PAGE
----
Shahien Nasiripour scored a foreclosure-fraud scandal scoop for The Huffington Post on Monday, reporting that audits of the mortgage industry conducted by HUD’s inspector general found five giant banks—Bank of America, JPMorgan Chase, Wells Fargo, Citigroup and Ally Financial—defrauded taxpayers and violated the False Claims Act. HUD sent the findings to the Justice Department, which will now have to decide what to do next.
On Tuesday, Felix Salmon criticized The New York Times and Wall Street Journal for giving big play to the New York attorney general’s renewed interest in mortgage securitization while ignoring the HuffPo scoop. I thought maybe it slipped by the print deadlines. But three days later, those papers have yet to run anything about the news.
You can check out the rest here…
Some other notable quotes from the article above on the Hud investigations…
Yves Smith is brutal on what it means:
This revelation, that HUD audits of the biggest servicers over a mere two-month period, showed extensive fraud, is proof that abuses were extensive. It also establishes that the effort by Tom Miller to settle the 50 state attorneys general investigation quickly and and the recent “see no evil” Federal consent orders are a cover up. The fact that HUD found extensive misconduct over a similar time frame as the Foreclosure Task Force, which Assistant Treasury Secretary Michael Barr described as a ““11-agency, 8-week review of servicer practices, with hundreds of investigators crawling all over the banks” proves that the latter to be pure regulatory theater. And as we’ve noted, the Tom Miller-led effort has done no investigations, guaranteeing that the negotiators would have no bargaining power.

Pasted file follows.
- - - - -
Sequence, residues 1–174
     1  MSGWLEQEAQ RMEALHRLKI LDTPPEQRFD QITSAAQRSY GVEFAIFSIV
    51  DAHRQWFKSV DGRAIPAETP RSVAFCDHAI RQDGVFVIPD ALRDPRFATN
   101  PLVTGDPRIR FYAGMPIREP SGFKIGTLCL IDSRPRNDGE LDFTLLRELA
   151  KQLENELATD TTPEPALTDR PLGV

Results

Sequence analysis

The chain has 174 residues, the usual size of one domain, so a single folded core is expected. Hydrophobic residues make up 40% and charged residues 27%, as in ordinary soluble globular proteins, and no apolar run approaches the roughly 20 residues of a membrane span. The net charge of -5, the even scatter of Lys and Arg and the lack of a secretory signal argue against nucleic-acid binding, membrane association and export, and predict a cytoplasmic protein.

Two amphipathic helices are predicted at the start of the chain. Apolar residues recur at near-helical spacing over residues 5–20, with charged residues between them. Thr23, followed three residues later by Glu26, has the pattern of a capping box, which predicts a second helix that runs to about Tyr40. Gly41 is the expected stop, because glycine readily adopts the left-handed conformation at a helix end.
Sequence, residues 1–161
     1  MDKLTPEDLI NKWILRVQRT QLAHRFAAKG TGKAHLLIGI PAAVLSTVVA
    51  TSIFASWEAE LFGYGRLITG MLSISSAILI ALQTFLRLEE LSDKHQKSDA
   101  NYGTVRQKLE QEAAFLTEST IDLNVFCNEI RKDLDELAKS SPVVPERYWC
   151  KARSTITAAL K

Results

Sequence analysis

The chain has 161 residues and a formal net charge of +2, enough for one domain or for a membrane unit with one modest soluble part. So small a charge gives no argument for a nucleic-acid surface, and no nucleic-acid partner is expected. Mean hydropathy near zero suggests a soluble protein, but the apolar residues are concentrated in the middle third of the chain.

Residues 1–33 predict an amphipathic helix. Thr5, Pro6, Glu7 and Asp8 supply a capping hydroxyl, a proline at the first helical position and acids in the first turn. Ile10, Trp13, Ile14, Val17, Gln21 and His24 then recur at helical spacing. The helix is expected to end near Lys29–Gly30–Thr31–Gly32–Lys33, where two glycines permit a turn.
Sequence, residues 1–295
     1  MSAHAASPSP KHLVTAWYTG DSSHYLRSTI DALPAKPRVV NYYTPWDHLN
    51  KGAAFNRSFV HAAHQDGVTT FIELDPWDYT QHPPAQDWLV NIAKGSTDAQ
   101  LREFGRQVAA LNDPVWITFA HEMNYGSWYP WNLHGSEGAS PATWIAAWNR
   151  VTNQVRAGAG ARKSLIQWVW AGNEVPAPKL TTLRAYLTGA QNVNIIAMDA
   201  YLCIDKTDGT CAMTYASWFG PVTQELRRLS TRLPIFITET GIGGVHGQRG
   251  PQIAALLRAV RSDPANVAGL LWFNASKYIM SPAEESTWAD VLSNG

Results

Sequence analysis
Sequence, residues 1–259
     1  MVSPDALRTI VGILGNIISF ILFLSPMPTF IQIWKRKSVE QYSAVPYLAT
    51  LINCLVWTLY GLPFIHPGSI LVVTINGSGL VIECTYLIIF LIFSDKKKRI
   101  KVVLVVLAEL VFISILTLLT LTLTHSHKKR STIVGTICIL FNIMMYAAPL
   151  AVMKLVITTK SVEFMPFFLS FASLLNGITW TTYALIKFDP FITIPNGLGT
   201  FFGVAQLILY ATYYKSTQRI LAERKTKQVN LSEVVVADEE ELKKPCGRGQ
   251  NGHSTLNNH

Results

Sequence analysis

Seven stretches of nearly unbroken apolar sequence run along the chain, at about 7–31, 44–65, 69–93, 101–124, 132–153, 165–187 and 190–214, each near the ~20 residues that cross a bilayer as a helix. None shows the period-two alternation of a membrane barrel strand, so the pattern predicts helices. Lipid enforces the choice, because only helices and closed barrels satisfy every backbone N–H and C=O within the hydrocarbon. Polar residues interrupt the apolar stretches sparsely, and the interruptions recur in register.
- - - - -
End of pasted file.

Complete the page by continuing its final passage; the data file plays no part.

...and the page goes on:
Mike Konczal says this:
If HUD can find that in two months how actively do other regulators have to be in not finding problems?…
The stalled 50-AG settlement should be put on hold until more is disclosed about what an actual investigation can get you. This finding by HUD should also tell skeptics that there is a there-there to these problems.
Three things are worth noting here. First, the HUD IG seems to have been able to conduct a much more thorough review of foreclosures than any of the bank regulators. The HUD IG’s office has a small staff. Compare this with the enormous examiner teams at the disposal of the OCC and Fed. Yet somehome the HUD IG has been able to accomplish a much more insightful review than the federal bank regulators. The clear implication here is that regulatory motivation matters in investigations….
Second, the all-clear sounded by the OCC and Fed on the servicing front just isn’t credible. This is a major problem for the US financial recovery…
Third, it’s worth noting that irrespective of whether DOJ pursues the HUD IG’s findings under the False Claims Act, HUD has a major disciplinary tool at its disposal: FHA lender eligibility.
And David Dayen:
A few things jump out. One, this is a similar charge, from the same HUD IG findings, that the Justice Department used on Deutsche Bank in a $1 billion lawsuit, saying they lied to acquire insurance reimbursements for FHA loans that went into foreclosure. That was probably a warning shot to the big banks as well as a case in its own right. Second, this is the reason HUD has been so involved in the state AG negotiations. This amounts to swindling their department out of money. Third, this shows what a useless cover-up that federal foreclosure task force turned out to be. Over the same time period, the HUD Inspector General, a relative backwater compared to the mix of regulators working on the task force, found multiple violations of law. Fourth, the False Claims Act is not necessarily the only law I would think to use to describe the banks’ abuses in the foreclosure crisis. But sometimes you have to use what you can. And essentially, this tracks a familiar crime. What the HUD IG found was that the documents they used to file for reimbursement were faulty.
Check out the original post in full here…